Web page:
Featured Research

from universities, journals, and other organizations

Important Clue To The Cause Of Parkinson's Disease Discovered

Date:
January 7, 2008
Source:
Albert Einstein College of Medicine
Summary:
A glitch in the mechanism by which cells recycle damaged components may trigger Parkinson's disease, according to a new study. The research could lead to new strategies for treating Parkinson's and other neurodegenerative diseases.

A glitch in the mechanism by which cells recycle damaged components may trigger Parkinson's disease, according to a study by scientists at the Albert Einstein College of Medicine of Yeshiva University. The research could lead to new strategies for treating Parkinson's and other neurodegenerative diseases.

All cells depend on a surveillance system known as autophagy (which literally means "self eating") to digest and recycle the damaged molecules that arise as cells age. In autophagy, defective proteins and other molecules are transported to membrane-bound sacs called lysosomes. After attaching to the lysosomal membrane, the molecules enter the lysosome, where they are digested by enzymes. This cleanup process may be particularly important for nerve cells, which generate defective molecules more rapidly than most other types of cells. When autophagy is impaired, toxic compounds can accumulate and cause cell death.

"It is widely suspected that accumulation of a particular protein, known as alpha-synuclein, within affected nerve cells of Parkinson's disease patients contributes to the death of these cells," says Dr. Ana Maria Cuervo, senior author of the article and associate professor of anatomy & structural biology at Einstein.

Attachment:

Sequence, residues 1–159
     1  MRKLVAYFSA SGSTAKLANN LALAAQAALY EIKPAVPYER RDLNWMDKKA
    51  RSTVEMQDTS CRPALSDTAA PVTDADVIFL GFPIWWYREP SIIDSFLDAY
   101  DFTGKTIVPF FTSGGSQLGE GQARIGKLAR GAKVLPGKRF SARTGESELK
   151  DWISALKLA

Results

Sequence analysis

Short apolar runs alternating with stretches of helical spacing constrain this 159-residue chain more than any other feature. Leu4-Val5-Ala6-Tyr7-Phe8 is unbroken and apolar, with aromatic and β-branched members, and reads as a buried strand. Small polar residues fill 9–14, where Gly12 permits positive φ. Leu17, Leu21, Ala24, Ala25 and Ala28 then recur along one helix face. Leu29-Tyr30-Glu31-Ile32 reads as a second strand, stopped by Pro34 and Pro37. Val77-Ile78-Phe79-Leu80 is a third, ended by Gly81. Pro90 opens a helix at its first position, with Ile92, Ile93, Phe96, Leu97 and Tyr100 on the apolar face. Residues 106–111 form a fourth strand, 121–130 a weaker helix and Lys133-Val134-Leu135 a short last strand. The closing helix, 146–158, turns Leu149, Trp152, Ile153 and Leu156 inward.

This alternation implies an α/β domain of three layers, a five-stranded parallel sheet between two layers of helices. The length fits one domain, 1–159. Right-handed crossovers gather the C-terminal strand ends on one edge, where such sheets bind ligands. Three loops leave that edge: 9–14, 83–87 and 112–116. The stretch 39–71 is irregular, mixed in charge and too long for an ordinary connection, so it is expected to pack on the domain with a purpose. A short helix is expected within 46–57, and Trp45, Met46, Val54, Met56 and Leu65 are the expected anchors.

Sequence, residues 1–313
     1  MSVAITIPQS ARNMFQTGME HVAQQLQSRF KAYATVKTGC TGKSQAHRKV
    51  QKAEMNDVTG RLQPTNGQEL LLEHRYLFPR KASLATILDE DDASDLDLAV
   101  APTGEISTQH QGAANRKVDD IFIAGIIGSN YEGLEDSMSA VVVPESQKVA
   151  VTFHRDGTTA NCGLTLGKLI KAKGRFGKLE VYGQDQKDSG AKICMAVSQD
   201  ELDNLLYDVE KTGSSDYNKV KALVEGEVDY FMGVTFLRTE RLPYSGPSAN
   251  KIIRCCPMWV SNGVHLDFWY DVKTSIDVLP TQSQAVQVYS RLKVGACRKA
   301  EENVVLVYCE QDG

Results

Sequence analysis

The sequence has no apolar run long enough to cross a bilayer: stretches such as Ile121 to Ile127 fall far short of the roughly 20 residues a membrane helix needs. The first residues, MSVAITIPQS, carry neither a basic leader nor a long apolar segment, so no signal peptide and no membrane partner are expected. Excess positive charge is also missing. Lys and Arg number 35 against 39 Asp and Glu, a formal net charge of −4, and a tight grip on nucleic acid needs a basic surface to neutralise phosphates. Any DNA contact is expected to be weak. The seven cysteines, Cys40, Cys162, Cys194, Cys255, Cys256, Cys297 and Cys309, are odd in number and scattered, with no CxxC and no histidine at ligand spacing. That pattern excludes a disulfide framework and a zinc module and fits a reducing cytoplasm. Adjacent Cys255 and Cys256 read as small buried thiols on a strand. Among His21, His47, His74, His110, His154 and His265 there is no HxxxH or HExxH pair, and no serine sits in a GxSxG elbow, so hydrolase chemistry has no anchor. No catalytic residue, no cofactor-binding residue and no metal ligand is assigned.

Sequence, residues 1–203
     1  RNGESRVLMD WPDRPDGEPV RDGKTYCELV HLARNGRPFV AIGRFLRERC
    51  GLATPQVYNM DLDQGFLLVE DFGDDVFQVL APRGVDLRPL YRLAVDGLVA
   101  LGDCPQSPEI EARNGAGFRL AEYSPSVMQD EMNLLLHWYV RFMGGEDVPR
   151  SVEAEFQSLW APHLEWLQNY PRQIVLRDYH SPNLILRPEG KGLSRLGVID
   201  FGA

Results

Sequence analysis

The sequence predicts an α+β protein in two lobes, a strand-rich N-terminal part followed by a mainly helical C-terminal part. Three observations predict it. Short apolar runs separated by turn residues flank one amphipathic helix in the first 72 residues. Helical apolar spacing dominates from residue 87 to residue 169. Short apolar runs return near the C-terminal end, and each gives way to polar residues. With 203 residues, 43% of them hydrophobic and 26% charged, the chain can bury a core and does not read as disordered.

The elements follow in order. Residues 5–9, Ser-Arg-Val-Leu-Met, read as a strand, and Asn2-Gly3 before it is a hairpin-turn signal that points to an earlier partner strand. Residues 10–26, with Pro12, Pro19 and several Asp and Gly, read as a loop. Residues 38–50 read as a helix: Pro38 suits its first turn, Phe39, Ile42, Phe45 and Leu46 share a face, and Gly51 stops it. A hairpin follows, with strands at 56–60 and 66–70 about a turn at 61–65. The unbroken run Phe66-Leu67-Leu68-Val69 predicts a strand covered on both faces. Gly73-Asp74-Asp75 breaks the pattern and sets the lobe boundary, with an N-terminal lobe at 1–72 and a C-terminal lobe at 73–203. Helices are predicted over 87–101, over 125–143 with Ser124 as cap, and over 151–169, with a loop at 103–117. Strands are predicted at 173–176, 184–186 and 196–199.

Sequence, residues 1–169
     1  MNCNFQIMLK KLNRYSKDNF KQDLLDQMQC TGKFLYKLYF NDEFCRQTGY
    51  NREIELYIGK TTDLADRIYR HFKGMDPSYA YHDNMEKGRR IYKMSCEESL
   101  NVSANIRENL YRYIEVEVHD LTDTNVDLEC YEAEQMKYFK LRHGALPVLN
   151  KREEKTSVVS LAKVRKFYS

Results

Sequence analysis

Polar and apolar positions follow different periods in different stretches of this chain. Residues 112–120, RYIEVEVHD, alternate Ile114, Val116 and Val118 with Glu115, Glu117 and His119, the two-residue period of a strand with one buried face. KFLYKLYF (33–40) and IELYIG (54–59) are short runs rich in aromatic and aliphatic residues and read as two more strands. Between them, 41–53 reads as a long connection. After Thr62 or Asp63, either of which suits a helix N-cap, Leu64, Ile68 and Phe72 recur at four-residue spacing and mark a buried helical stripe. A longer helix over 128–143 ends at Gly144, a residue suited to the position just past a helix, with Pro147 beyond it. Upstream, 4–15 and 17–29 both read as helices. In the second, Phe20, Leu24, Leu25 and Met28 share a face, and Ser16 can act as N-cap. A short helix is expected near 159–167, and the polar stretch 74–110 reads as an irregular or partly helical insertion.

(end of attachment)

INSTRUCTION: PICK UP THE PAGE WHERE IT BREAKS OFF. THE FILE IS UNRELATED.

Dr. Cuervo previously showed that mutant forms of alpha-synuclein--found in the five to 10 percent of patients who have familial Parkinson's disease--are poorly digested via autophagy and also block the breakdown of other substances. While these alpha-synuclein mutations are rare, other modifications of alpha-synuclein--phosphorylated and oxidized forms, for example--can be found in the brains of all Parkinson's disease patients.

In this study, Dr. Cuervo and her colleagues looked at how several different modified forms of alpha-synuclein affected autophagy in vitro and in tissue culture. One particular modification of alpha-synuclein was found to interfere with autophagy: the compound created by the interaction of alpha-synuclein with dopamine, the main neurotransmitter produced by the nerve cells damaged in Parkinson's disease.

"Alpha-synuclein molecules modified by dopamine bound tightly to the lysosomal membrane, but they got stuck there and weren't effectively transported into the lysosome," says Dr. Cuervo. As a result, the alpha-synuclein molecules altered by dopamine were poorly degraded, and the presence of these molecules on the lysosomal membranes interfered with autophagic digestion of other compounds as well.

"We propose that inhibition of autophagy caused by dopamine's alteration of alpha-synuclein could explain the selective death of dopamine-producing nerve cells in Parkinson's disease," says Dr. Cuervo, who notes that interference with autophagy has also been implicated in other neurodegenerative diseases including Alzheimer's.

"By devising strategies for boosting autophagy in nerve cells or suppressing the chemical reactions that interfere with the autophagy--by lowering alpha synuclein expression, for example--we may be able to treat patients afflicted with these conditions," she says.

This research appears in the January 2 advance online issue of The Journal of Clinical Investigation.